The Center for Human-Computer Interaction is an interdisciplinary research center jointly sponsored by the Institute for Creativity, Arts, and Technology; and the Institute for Critical Technology and Applied Science at Virginia Tech.


Human-Computer Interaction (HCI) is a multi-disciplinary enterprise, drawing from the human sciences, computational sciences and engineering, and information technologies. The Center for HCI (CHCI) at Virginia Tech is a university-wide research center that addresses both the facilitation and the foundational understanding of human interaction with and through technology. The CHCI excels in cross-disciplinary research on interactive computing that extends into the everyday life of individuals, groups, and societies. The CHCI fosters research excellence through funding programs, shared resources, and forums for idea exchange.

The Center for Human-Computer Interaction at Virginia Tech celebrated its 20th anniversary on 15-16 October 2015. The event was a huge success with attendance from a variety of industry and academia-affiliated alumni, current students, as well as former and current faculty members. You can watch the Plenary Panel discussion, which opened the event, on our youtube channel. You can also get more information about the event on the dedicated web page.

Research Thrusts

Human Computer Interaction (HCI), the overarching research area of the CHCI, is is a broad and diverse domain. Although the work of the affiliated faculty is equally broad and diverse, we have identified two key research thrusts that represent specific sub-areas of HCI for which the Center can obtain or maintain a world-class standing. The research thrust areas are:

Research Highlight

Kurt Luther and T.M. Murali (PIs) receive NIH Award


The project titled "Using Crowdsourced Design to Visualize Effects of Environmental Chemicals on Signaling Networks" was awarded $ 600,000 over two years. This research involves the development of a web-based system called GraphSpace to enable citizen scientists and non-experts to improve visual representations of processes within the cell that are affected by environmental chemicals. GraphSpace will assist molecular biologists and toxicologists in discovering hypotheses about how these chemicals may harm human health. This grant is also a collaboration with Zooniverse, the largest online citizen science portal. Check out the NIH project information.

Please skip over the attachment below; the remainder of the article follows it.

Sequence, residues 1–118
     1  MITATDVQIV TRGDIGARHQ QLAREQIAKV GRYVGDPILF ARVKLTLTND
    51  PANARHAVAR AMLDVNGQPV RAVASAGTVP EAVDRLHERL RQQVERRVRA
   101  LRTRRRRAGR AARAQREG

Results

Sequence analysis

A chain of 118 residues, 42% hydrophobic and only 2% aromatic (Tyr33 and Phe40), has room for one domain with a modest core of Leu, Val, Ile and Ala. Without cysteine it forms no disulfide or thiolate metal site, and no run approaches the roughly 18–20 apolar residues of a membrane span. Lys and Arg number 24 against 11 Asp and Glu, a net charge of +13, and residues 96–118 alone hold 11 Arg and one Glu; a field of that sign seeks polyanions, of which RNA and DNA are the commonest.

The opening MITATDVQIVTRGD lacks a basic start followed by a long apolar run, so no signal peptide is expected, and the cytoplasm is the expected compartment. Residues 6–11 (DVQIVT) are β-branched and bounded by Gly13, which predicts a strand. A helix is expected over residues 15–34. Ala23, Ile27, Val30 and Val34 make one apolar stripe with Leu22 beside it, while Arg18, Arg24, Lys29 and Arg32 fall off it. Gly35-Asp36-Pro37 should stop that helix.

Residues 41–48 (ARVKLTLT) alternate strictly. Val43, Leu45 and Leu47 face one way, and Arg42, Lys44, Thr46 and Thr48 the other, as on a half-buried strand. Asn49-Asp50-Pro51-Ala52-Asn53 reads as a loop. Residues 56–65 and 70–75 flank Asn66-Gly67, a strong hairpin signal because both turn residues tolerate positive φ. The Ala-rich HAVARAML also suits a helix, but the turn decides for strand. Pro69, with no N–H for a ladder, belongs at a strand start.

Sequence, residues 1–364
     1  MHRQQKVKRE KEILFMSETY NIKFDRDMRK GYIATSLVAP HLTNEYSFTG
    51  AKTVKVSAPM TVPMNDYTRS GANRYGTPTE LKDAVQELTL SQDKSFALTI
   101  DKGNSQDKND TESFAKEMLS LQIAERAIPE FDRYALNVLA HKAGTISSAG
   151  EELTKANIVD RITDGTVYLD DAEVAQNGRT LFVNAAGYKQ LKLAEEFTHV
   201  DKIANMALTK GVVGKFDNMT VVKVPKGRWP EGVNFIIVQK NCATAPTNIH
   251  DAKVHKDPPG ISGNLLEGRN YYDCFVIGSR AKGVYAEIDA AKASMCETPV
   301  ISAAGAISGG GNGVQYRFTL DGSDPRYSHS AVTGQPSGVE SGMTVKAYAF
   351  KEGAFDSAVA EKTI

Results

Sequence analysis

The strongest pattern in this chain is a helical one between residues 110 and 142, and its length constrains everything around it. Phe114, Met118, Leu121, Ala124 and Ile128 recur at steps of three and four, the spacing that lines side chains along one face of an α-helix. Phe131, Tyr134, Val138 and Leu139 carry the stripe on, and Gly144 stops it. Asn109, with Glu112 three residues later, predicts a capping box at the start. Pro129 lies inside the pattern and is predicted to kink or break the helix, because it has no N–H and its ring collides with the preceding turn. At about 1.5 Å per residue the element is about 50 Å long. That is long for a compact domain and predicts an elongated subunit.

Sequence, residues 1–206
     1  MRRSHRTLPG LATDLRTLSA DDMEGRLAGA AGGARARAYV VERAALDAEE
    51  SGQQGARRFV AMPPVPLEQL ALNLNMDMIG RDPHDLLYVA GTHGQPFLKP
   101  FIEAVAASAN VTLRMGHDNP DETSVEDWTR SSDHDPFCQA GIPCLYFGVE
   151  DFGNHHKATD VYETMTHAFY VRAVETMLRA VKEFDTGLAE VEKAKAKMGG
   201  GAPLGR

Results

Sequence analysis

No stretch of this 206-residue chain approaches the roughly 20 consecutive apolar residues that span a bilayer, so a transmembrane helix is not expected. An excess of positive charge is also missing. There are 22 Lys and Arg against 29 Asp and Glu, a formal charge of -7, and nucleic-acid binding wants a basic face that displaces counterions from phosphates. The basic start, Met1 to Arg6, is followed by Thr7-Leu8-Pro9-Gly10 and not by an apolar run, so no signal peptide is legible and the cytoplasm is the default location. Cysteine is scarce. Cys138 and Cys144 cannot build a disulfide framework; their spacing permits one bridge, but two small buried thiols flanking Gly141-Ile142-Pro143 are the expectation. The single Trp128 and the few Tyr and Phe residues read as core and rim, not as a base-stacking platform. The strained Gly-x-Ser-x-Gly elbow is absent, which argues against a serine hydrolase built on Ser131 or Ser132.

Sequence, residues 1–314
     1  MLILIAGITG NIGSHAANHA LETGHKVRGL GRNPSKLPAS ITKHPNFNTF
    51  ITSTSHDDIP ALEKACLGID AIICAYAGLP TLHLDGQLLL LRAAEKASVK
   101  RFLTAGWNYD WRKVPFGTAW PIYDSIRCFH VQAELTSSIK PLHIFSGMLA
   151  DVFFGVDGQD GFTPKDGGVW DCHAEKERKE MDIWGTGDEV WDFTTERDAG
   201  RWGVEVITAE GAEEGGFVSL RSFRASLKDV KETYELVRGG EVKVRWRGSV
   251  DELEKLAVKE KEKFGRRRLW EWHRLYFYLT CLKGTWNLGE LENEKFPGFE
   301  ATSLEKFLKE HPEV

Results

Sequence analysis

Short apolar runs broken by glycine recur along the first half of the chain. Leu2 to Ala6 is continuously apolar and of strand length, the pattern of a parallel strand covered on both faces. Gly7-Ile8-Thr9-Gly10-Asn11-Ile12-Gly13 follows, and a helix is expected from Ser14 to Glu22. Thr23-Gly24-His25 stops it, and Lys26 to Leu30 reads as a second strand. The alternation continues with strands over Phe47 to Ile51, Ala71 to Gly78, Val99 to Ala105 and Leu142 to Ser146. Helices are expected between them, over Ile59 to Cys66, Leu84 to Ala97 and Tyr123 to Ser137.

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Recent News

CHCI welcomes new member Gang Wang


The Center for HCI is pleased to welcome its newest member, Dr Gang Wang. Gang is an Assistant Professor in the Department of Computer Science and his research covers a range of topics of Cyber Security, Internet Measure ...

Edward Fox receives XCaliber Award


Edward A. Fox, professor of Computer Science and CHCI faculty, has received the university’s 2016 XCaliber Award for making extraordinary contributions to technology enriched active learning. Established in 1996 by the ...

NSF grant for transforming VT's ECE department awarded to CHCI faculty


Congratulations to Ben Knapp, Tom Martin (co-PI's), Steve Harrison (senior personnel), and Luke Lester for their NSF award for the amount of $2,000,000 for 5 years. The project titled "Radically Re-designing the Fan-in ...

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Next CHCI Seminar

Stepping into the past through visualization: The mystery of the destroyed village of Vauquois

2016-09-16 at 08:30:00 in ICAT Learning Studio (253A) in the Moss Arts Center

Presenter: David Cline, David Hicks, Todd Ogle, Erik Westman

Abstract: This playdate introduces the work of a transdisciplinary team from Virginia Tech, in collaboration with French partners from the Vauquois Hill Association and rescue archeologists from Arkemine, who are in the process of creating a hands-on, mixed-reality learning environment / exhibit for the CUBE of the human experiences in the French and German trenches and galleries during World War I. The context for our work is the Butte de Vauquois (Vauquois Hill-the hill of death) near Verdun, France. Vauquois was a small village before it became critical high ground that was fiercely contested for four years by the French and Germans during World War I, with the Americans finally taking the position during the Meuse-Argonne offensive of 1918.

Bio: The full list of collaborators of this project, including our partners in France: Adrien Arles (Arkmine, France), Celine Beauchamp (Arkmine, France), Dong Soo Choi (VT SOVA), David Cline (VT History), David Hicks (VT Education), Todd Ogle (VT TLOS), Thomas Tucker (VT SOVA), Erik Westman (VT Mining and Mineral Engineering).

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Fluid 960 Grid System, created by Stephen Bau, based on the 960 Grid System by Nathan Smith. Released under the GPL / MIT Licenses.